Metroid and its heroic main character, Samus, have been neglected by Nintendo for years. Fans of the franchise kept asking for new entries and Nintendo seemed to had given in when it released Metroid Prime: Federation to a lukewarm reception from both critics and fans. However, the company seems focused on redeeming itself with the announcement of a new Metroid Prime for the Nintendo Switch and the recent release of Metroid: Samus Returns – a reimagining of a Game Boy title.

It’s fitting that this reimagining of a handheld classic gets a Nintendo 3DS release since it still feels like the perfect format for it to be on. This is a classic Metroid adventure with plenty of side scrolling platform action and a clever use of an ever increasing arsenal of abilities to uncover new paths and areas.

What is fascinating about this adventure is how it manages to encourage players to find solutions for the many obstacles in the way without making itself feel frustrating. Instead, it leaves the exploration mostly down to players and that makes for far more satisfying discoveries.

The idea is to defeat a certain number of Metroid creatures and feeding their DNA into a mechanism that in turn sucks up an acidic like liquid preventing Samus from moving on to the next area. As Samus goes deeper and deeper underground, it becomes clear that each of these areas is even bigger and contains more intricate paths to explore when compared to the previous area.

But what also works really well is the fact that by acquiring what are surprisingly easy to find abilities, players will have a reason to return to previous areas and make use of every new ability to find even more secrets and optional upgrades. Metroid: Samus Returns has the kind of level design that many developers envy because it’s so easy to lose hours exploring its world without even realising it. It also shows just how far ahead of time games like Metroid II: Samus Returns were when it came to ensuring that they would still be relevant years after they were released.

What seem like engaging confrontations against the Metroid creatures will eventually feel like a chore that needs to be done to move on to the next area. Even the introduction of new types of Metroid creatures is not enough to stop these boss battles from feeling repetitive. Not only that but the use of the ice beam also means that taking care of most of them is an easy feat and it really seems to make it less of an accomplishment to defeat what are some of the most formidable foes that Samus has faced.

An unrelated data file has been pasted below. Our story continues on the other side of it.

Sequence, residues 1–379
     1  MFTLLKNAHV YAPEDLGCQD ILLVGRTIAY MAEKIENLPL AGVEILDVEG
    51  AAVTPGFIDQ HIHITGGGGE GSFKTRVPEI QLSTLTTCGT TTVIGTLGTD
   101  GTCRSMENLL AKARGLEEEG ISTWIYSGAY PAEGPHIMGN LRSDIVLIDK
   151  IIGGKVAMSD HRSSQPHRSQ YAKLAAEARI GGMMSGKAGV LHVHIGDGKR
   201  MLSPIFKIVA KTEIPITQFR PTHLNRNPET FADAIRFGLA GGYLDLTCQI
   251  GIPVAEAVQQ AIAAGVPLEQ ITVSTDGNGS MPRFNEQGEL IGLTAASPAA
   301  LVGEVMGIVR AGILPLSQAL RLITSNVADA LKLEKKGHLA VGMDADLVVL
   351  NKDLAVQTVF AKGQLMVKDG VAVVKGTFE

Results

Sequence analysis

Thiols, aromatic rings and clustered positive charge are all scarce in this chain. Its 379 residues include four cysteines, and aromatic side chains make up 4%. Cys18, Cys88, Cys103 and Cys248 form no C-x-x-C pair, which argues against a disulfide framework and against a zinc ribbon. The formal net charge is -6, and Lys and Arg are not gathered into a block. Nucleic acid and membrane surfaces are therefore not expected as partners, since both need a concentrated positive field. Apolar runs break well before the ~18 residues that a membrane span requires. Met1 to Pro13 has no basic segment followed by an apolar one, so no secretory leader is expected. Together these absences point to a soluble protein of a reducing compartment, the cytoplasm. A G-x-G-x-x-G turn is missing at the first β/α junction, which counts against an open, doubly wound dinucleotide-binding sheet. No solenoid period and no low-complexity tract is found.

At least the title is smart enough to add a few other bosses that make for far more interesting foes, such as a giant mech that occasionally pops up to terrorise Samus.

Given the arsenal that Samus has at her disposal over the course of this adventure, it’s not surprising to see that it means using every button on the Nintendo 3DS handheld. This seems to result in a couple of drawbacks when it comes to how the title is played. The most noticeable of these for a significant number of players is how Samus moves. Movement is restricted to the use of the analog stick and it doesn’t always work as intended when dealing with enemies or even attempting to multi-task. For example, trying to kneel down to destroy a small enemy or even just trying to make use of a morph ball ability to quickly stick to a wall isn’t always an easy feat. The main issue is that the use of the d-pad is already reserved for choosing between Aeion abilities that give Samus powers, such as a shield that comes in handy quite often. It feels like movement might have worked better if the d-pad had been used for a side scrolling adventure.

The other issue is just how difficult it can be to choose between abilities, such as different weapons, when fighting enemies. The amount of abilities that Samus has means having to constantly choose between types of weapons and missiles in real time, which isn’t particularly ideal when facing against fast enemies and being under pressure. Even being able to hold the left button to then aim a weapon isn’t particularly useful when facing most enemy types. If anything it would have been far better to have the ability to automatically lock-on and fire a weapon at the nearest enemy. At times Samus can automatically shoot an enemy, but it’s only after successfully making use of a counter ability to stun and then quickly shoot an enemy.

Although most of the adventure isn’t particularly challenging once finding out how to deal with each type of Metroid, there are a couple of rare occasions where the title suddenly ramps up the difficulty without much of a warning. It would have been far better to gradually build up to a much tougher boss battle, as it’s often done with each new area as new types of enemies are introduced that rely on the player remembering what acquired abilities do to find ways to dispatch them. It’s quite tricky to get the balance right when it comes to difficulty spikes and it’s made harder by the inclusion of such a high number of Metroid creatures that need to be defeated.

What the title gets right is the very world that it builds and makes it so easy to spend hours exploring it. If anything, finding new abilities and paths is often far more exciting than the many bosses that Samus must face. It’s also a clever idea to have various save points and other key features popping up regularly to ensure that this adventure can work as a title played anywhere.

Metroid: Samus Return is indeed a welcome return for the iconic bounty hunter, but it’s also one that is not without its flaws, which unfortunately just about prevent it from being as remarkable as the main Prime titles.

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